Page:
First came offshoring. Then, reshoring and nearshoring. Someday soon, manufacturers may also be debating the merits of “above shoring” or “off-planet manufacturing.”
Manufacturing in space has been talked about for decades. In fact, some of the first issues of ASSEMBLY magazine back in the late 1950s featured articles that discussed the topic.
Today, the concept of microgravity manufacturing or in-space production is still a few years away, but it’s much closer to fact than fiction. Several start-ups, such as Redwire Space, Space Forge Ltd. and Varda Space Industries, hope to ramp up activity over the next two years.
Space Forge is a company based in Wales that recently set up an office in the United States. It’s also in the process of building a state-of-the-art factory here that will assemble small, relaunchable satellites.
The strategic move is part of the company’s plan to strengthen its manufacturing partnerships, capitalizing on growing U.S. interest in super materials and semiconductors. Many engineers are intrigued by the optimal production environment in outer space, which is characterized by zero gravity, extreme temperatures and vacuum conditions that can new yield materials that are purer and have fewer defects.
“The appetite for in-space manufacturing of semiconductors in particular is strong and growing, fueled by commercial and defense initiatives such as the AUKUS Alliance,” says Joshua Western, CEO of Space Forge. “As we field more interest in our ability to produce super materials, production capabilities in one of the world’s largest semiconductor markets is a logical next step.”
According to Western, “the next industrial revolution isn’t on Earth.” Space Forge is pioneering the concept of microgravity-manufacturing-as-a-service with a relaunchable platform dubbed ForgeStar. The satellite features soft-descent and high-precision landing capabilities.
ForgeStar, which is approximately the size of a small refrigerator, will be deployed in orbit for up to six months. It will initially be used to produce super alloys and semiconductor substrates.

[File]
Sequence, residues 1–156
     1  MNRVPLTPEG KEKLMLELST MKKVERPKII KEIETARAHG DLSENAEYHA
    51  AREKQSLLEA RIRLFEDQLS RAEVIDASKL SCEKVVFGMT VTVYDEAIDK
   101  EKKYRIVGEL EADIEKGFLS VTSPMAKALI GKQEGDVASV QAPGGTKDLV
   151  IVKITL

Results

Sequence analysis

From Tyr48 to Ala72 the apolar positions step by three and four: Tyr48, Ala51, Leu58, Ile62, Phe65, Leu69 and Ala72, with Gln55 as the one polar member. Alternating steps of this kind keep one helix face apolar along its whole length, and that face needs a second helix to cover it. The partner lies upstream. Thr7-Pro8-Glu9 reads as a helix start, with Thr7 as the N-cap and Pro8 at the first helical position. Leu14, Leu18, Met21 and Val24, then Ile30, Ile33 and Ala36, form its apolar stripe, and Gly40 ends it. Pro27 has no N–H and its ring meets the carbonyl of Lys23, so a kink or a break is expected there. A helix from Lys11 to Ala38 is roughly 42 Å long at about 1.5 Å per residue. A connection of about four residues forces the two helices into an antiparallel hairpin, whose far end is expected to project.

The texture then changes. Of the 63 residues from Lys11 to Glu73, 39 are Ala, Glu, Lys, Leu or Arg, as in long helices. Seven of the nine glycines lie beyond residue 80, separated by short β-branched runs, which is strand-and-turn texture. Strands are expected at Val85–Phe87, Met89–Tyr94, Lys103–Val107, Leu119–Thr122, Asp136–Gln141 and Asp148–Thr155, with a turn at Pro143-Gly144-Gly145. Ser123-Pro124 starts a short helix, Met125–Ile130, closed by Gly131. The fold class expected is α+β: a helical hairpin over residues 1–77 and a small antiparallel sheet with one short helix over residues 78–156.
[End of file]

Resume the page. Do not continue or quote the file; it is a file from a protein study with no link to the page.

“This patented technology is more protective of payload returns than traditional ablative capsules used by competitors,” claims Western. “Both ForgeStar vehicles and payloads for U.S. customers will be manufactured in [our] new facility.”
Outer space provides an ideal environment for manufacturing certain types of products. In particular, zero-gravity holds big potential for producing next-generation alloys, biopharmaceuticals and semiconductors.
“The near-vacuum of space allows perfectly mixed and perfectly distributed substrates without any contaminants,” explains Andrew Parlock, managing director of Space Forge US. “The purity of the environment is also advantageous, because there’s very low amounts of nitrogen and oxygen.
“In addition, space offers the benefit of having optimal hot or cold temperatures,” notes Parlock, a former executive at Lockheed Martin and Northrop Grumman. “It’s possible to face the sun and get high temperatures, or turn away from the sun and get consistently cold temperatures.
“We’ve already pushed the limits of on-planet manufacturing for certain things, such as alloys,” warns Parlock. “Microgravity production will enable us to create thousands of new super alloys.
“Unique conditions allow us to access and combine a large number of elements that are not available or feasible on Earth,” says Parlock. “It is based on a factorial calculation, which means that for each new element we add, the number of possible alloys increases by the factorial of the total number of elements. Since space gives us access to many more elements than Earth, the number of new alloys we can create is exponentially higher.”
Super alloys produced in space could be beneficial in many down-to-earth applications, such as increasing the strength of bolts used to assemble wind turbine blades.
“The main limitation of wind turbine efficiency is the blade length, which is constrained by road transportation capacity,” explains Parlock. “The obvious solution is to divide the blades into sections and assemble them on-site.